A growing numbers of Americans use vitamins and supplements to help protect their health and Fish Oil supplements are one of the most popular. A recent survey by ConsumerLab.com showed Fish Oil use second only to Vitamin D. Fish Oils contain omega-3 fatty acids that have been touted as offering protection against everything from Alzheimer’s Disease to cancer to arthritis. But it’s Fish Oil’s possible link to preventing heart disease that been the biggest reason for its popularity. But does Omega-3 actually protect against cancer and heart disease? A new study seems to indicate “NO” but a closer look at the data reveals some pretty strong evidence that there may actually be a protective effect that was missed in the overall analysis.
The Evolution of Omega-3 Supplementation
The idea that omega-3 supplements may help to protect against heart attacks had its origins in studies of Inuit tribes in the 1970’s. Living in the Arctic meant they didn’t farm fruits or vegetables and there were not may plants available to forage. So, their diet consisted mainly of whales, seals and fish. Yet despite having a diet made up mainly of fatty meats and fish, the Inuits had relatively low rates of heart attacks. The researchers concluded that high levels of omega-3 fatty acids found in fish were somehow protecting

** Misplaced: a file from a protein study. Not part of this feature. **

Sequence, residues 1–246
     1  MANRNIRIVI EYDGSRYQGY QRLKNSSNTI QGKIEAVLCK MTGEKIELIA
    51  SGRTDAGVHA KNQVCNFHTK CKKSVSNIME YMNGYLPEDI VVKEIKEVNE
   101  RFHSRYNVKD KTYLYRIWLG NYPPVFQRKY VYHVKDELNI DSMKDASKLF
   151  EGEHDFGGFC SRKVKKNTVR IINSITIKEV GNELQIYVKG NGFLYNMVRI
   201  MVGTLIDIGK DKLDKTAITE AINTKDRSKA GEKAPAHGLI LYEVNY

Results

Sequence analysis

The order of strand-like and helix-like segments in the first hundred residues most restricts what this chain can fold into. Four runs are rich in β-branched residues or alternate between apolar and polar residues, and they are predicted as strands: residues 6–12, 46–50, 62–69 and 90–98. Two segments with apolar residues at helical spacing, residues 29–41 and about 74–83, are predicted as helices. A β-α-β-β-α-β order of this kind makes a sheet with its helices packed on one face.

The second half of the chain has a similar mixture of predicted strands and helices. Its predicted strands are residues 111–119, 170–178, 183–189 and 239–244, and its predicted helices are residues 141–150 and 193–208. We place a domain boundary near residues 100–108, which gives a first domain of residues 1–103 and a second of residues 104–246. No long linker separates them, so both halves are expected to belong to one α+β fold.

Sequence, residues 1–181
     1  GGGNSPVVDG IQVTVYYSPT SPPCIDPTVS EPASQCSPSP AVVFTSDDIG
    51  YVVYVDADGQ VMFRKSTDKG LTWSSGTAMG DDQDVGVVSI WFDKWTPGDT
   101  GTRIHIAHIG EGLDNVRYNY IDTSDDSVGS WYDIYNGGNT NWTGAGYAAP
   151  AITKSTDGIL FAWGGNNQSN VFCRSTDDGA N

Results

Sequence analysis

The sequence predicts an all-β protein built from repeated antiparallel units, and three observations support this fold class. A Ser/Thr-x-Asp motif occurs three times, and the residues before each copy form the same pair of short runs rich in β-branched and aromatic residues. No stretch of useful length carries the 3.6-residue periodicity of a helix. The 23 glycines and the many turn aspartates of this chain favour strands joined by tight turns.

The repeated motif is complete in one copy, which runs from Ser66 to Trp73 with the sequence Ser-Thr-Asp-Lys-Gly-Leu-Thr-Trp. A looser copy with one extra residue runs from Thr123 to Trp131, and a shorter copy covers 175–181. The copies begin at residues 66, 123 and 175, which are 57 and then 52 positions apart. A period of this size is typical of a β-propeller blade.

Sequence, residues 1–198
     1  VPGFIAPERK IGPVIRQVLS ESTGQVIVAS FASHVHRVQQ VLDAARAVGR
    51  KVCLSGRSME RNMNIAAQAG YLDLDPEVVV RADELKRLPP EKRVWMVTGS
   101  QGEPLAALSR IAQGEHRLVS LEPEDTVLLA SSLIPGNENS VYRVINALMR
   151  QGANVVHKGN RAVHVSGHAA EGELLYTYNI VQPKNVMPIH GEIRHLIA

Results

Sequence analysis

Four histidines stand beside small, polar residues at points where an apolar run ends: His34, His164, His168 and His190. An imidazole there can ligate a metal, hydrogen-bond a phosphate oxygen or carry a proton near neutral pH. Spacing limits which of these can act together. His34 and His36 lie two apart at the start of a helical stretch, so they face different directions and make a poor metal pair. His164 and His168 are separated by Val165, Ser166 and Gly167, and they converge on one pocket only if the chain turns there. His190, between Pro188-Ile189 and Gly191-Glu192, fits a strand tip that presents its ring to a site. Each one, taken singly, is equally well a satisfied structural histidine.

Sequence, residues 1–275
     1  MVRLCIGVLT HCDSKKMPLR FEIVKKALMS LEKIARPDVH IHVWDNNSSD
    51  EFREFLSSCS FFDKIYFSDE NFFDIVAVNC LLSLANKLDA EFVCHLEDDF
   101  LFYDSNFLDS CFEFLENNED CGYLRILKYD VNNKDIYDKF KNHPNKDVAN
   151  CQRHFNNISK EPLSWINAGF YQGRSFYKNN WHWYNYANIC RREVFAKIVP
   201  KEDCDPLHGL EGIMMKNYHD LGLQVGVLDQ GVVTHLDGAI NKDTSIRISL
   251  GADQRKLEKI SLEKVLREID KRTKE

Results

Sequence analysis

the Inuits and this eventually led to the recommendation that the rest of us should start including Fish Oil supplements in our diets.
The flaw in that conclusion was that this was merely an observational correlation that didn’t prove a cause and effect relationship between high omega-3 intake and the low rates of heart disease. And subsequent studies published in 2015 showed that the ancestors of the Inuits had evolved unique genetic adaptations that changed the way they metabolized omega-3 fatty acids. So, rather than getting a protective advantage from their high intake of fish oils, they may have needed to change their metabolism just to cope with their fatty diet and some other factors may be the reason why they have lower heart attack rates than other populations.Read More